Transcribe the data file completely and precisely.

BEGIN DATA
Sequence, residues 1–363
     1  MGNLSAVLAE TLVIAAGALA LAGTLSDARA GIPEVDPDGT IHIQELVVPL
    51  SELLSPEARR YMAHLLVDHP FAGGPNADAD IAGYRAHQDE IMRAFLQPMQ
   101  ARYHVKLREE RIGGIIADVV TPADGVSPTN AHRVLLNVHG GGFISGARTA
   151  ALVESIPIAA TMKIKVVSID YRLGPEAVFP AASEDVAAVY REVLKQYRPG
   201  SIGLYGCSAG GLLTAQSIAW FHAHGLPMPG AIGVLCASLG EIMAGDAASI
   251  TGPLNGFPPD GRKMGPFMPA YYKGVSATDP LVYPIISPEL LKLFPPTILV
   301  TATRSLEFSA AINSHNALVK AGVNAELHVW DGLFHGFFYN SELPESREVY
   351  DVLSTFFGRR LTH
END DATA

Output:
Sequence, residues 1–363
     1  MGNLSAVLAE TLVIAAGALA LAGTLSDARA GIPEVDPDGT IHIQELVVPL
    51  SELLSPEARR YMAHLLVDHP FAGGPNADAD IAGYRAHQDE IMRAFLQPMQ
   101  ARYHVKLREE RIGGIIADVV TPADGVSPTN AHRVLLNVHG GGFISGARTA
   151  ALVESIPIAA TMKIKVVSID YRLGPEAVFP AASEDVAAVY REVLKQYRPG
   201  SIGLYGCSAG GLLTAQSIAW FHAHGLPMPG AIGVLCASLG EIMAGDAASI
   251  TGPLNGFPPD GRKMGPFMPA YYKGVSATDP LVYPIISPEL LKLFPPTILV
   301  TATRSLEFSA AINSHNALVK AGVNAELHVW DGLFHGFFYN SELPESREVY
   351  DVLSTFFGRR LTH